Sandwich Bay is rapidly cementing itself as one of the UK’s premier sites for moth trapping with over 1,100 species recorded and more BAP species than anywhere else. Particularly notable are RDB3 species such as Bright Wave and Restharrow with almost their entire UK distribution centered right here. So why not plan a visit to us this year and see some great moths for yourself? Get in touch at to enquire about accommodation and moths.


Tuesday 30th

A slight improvement with 13 moths but the cold overnight temperatures do seem to hindering things. A Poplar Hawk-moth was new for the year. Hopefully this dark moon phase coming up will increase catches.

Friday 26th

A clear cool night meant just nine moths made landfall.

Thursday 25th

The heavy rain forecast did not amount to much but the temperature was down to 6°C and there were only 18 moths of eight species. Eight Muslins led the way. A Fox Moth caterpillar was also seen on Royal St George’s Golf Course during the day.

Wednesday 24th

No influx of moths with the Saharan dust apart from a very tatty Dark Swordgrass.

Tuesday 23rd

A covering of high cloud ensured the catch improved a bit to 33 moths of 12 species. The highlight was a Northern Drab, only the 4th ever in the main trap. There was also another Blossom Underwing and a Swallow Prominent. The actinic trap in the Elms yielded a couple of species which rarely venture away from the trees namely a Streamer and a Seraphim.

Northern Drab. 23/4/19. I Hunter
Northern Drab. 23/4/19. I Hunter


Streamer. S Walton 23/4/19. I Hunter
Streamer. S Walton 23/4/19. I Hunter

Monday 22nd

Unsurprisingly with the temperature reaching the twenties there is plenty of daytime insect activity. With clear skies at night the temperature drops sharply, last night to 5.1°C, and this is reducing night time insect activity. Last night there were 21 moths of ten species. The only new one for the year was Agonopterix ocellana.

Sunday 21st

Another fairly quiet night but Brimstone, Cabbage and Pebble Prominent were new for the year. A walk along Prince’s Beach produced our first Cinnabar and a Ruby Tiger was found in the hide at Restharrow Scrape.

Saturday 20th

Twelve moths included the first Shuttle-shaped Dart and Chocolate-tip of the year.

Friday 19th

No trap last night but walking across the rough grassland around the Oasis kicked up 12 Oblique Striped and six Grapholita jungiella.

Wednesday 17th

Even less breeze but the temperature still went down to 4.2°C. There were 19 moths of seven species. Agonopterix purpurea and Twenty-plume were new for the trap this year.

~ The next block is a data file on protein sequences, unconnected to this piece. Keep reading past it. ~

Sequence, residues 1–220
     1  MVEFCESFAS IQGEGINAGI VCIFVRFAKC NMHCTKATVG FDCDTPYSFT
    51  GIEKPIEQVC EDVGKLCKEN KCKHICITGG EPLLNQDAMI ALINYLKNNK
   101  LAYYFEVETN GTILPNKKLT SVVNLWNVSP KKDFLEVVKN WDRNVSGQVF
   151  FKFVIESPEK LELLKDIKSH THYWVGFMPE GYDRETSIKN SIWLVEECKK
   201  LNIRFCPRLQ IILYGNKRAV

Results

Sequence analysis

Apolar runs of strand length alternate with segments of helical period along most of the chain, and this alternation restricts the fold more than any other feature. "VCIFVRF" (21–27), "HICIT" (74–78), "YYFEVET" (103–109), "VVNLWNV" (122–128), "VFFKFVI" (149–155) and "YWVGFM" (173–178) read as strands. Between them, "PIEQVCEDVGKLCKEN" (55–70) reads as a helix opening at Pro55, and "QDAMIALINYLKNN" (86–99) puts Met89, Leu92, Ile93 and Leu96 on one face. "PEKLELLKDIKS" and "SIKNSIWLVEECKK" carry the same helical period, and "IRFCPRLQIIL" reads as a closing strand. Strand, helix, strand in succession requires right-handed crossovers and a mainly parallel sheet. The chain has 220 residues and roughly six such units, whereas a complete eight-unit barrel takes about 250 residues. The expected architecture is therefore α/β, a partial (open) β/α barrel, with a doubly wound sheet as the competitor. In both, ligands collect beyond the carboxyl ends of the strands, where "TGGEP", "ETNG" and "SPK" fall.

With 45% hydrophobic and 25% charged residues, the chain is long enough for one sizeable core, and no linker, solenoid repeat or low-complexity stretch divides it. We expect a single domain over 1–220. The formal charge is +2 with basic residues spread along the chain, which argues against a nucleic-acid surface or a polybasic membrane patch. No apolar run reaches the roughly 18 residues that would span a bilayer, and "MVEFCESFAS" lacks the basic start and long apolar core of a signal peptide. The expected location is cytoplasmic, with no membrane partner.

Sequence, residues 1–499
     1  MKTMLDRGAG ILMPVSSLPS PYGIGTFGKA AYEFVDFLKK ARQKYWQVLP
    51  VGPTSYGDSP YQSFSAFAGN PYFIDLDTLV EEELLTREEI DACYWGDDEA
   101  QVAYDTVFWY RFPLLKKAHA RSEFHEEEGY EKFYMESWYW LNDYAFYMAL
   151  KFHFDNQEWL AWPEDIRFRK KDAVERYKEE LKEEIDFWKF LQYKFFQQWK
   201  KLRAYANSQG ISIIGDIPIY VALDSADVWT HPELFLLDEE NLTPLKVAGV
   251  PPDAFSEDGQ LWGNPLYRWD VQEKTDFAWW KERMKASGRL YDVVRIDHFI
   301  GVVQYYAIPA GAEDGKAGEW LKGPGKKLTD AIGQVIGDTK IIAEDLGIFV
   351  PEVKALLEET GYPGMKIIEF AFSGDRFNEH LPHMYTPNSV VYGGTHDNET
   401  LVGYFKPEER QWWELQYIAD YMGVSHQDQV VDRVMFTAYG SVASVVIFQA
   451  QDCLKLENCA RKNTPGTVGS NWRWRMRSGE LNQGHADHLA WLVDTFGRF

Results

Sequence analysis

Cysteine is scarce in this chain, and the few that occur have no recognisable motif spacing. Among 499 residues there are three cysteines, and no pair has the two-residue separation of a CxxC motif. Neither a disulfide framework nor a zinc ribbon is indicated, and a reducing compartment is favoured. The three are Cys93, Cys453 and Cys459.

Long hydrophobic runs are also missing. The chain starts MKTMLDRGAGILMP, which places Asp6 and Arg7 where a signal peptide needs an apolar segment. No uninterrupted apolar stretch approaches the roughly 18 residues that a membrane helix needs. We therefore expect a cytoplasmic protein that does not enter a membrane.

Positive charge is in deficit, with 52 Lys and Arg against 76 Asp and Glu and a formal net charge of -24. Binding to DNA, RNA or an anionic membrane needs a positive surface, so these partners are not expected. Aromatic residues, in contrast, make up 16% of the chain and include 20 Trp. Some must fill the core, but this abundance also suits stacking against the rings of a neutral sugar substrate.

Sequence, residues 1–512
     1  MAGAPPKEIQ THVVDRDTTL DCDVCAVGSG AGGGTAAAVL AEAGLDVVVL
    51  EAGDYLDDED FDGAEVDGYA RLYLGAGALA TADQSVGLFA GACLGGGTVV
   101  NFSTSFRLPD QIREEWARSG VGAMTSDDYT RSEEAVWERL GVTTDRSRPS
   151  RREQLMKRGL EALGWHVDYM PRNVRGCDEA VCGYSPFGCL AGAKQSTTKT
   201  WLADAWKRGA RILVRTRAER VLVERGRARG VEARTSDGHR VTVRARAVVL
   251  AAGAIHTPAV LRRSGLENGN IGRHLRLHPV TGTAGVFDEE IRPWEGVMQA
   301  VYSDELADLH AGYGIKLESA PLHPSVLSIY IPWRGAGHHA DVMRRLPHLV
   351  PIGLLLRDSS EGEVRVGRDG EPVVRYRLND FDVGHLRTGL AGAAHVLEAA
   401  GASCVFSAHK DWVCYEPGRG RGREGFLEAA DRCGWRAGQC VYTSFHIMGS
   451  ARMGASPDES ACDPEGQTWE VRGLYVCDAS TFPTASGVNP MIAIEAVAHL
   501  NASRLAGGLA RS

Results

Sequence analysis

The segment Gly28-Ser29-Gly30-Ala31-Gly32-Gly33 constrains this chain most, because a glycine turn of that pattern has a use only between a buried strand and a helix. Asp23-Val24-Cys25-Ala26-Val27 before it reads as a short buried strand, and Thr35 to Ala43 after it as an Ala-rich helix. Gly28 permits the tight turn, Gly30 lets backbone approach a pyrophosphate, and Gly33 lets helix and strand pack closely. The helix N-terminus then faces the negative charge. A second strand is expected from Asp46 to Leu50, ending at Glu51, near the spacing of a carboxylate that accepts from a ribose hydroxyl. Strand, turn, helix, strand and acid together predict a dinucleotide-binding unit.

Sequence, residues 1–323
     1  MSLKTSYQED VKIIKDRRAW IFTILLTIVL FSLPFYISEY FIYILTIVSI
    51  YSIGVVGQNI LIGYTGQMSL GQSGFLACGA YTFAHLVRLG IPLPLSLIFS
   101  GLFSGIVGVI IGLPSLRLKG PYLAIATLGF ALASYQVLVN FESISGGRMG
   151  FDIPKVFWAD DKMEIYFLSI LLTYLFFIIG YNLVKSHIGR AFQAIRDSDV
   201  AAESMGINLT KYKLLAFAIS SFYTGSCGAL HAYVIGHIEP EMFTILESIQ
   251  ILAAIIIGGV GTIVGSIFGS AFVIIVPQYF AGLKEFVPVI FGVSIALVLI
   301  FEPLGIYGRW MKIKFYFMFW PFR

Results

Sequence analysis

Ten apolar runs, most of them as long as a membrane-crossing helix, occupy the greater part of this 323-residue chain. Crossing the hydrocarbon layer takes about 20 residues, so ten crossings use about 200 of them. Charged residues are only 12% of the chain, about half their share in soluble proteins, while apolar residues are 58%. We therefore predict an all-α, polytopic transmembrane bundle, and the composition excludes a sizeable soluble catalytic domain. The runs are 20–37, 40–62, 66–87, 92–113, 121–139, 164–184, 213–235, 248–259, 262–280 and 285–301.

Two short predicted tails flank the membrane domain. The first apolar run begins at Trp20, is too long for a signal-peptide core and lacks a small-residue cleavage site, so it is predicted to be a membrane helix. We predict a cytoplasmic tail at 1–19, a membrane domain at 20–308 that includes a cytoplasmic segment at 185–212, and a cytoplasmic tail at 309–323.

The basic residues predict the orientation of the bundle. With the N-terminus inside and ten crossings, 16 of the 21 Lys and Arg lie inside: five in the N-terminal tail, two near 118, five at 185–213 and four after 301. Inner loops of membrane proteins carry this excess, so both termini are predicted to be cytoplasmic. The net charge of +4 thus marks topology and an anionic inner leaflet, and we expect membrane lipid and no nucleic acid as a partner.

Tuesday 16th

The breeze is finally moderating but it is still cold. Eighteen moths of eight species were caught. Our fourth ever record of Blossom Underwing was accompanied by a Herald and an Angle Shades.

Blossom Underwing. 16/4/19. I Hunter
Blossom Underwing. 16/4/19. I Hunter

Sunday 14th

With sleet in the showers overnight it was no surprise that there were no moths in the trap, it was a surprise that the temperature only dropped to 3.4°C.

Saturday 13th

After two nights when the easterly was strong enough to deter any activity the trap was put out last night. With a clearing sky it was s surprise the temperature only dropped to 4.9°C. Seven moths ventured out with Muslin being the pick of the bunch.

Wednesday 10th

As forecast a stiff, cold, easterly set in and blasted any murk and cloud away. It was a surprise the temperature only dropped to 7.3°C.  Only four moths ventured out- three Common Quakers and a Hebrew Character.

Tuesday 9th

It was a damp night perhaps reflected in the fact that the main feature of the catch was eleven Great Silver Diving beetles and a Dytiscus marginalis. Fortunately eight of the beetles were underneath the trap, not in it. This did leave enough room for the first Flame Shoulder of the year.

Monday 8th

The breeze reduced and it was overcast keeping the temperature above 8.2°C. This resulted in a catch of 48 moths. Common Quaker led with 16 and there was the second Dark Sword-grass of the year.

Sunday 7th

A damp night with the easterly dropping to a gentle breeze allowed the catch to more than double to 15 moths of five species. Three Red Chestnuts were the best of the bunch.

Saturday 6th

The temperature did not drop below a heady 7.2°C but the easterly persisted. The catch crept up to seven moths of which Brindled Beauty was new for the year.

Brindled Beauty. 6/4/19. I Hunter
Brindled Beauty. 6/4/19. I Hunter

Friday 5th

The temperature was five degrees warmer than last nights but the easterly was fresher and there were only three of the usual suspects.

Thursday 4th

The easterly persists but the temperature did not drop below -0.4°C. There were nine moths of which Early Grey and Small Quaker were additional to yesterdays species.

Wednesday 3rd

The temperature dropped to -0.7°C and with a keen easterly there were only three moths – two Common Quakers and a Hebrew Character.

Tuesday 2nd

No trap set last night but our earliest ever Oblique-striped was found on Worth this morning.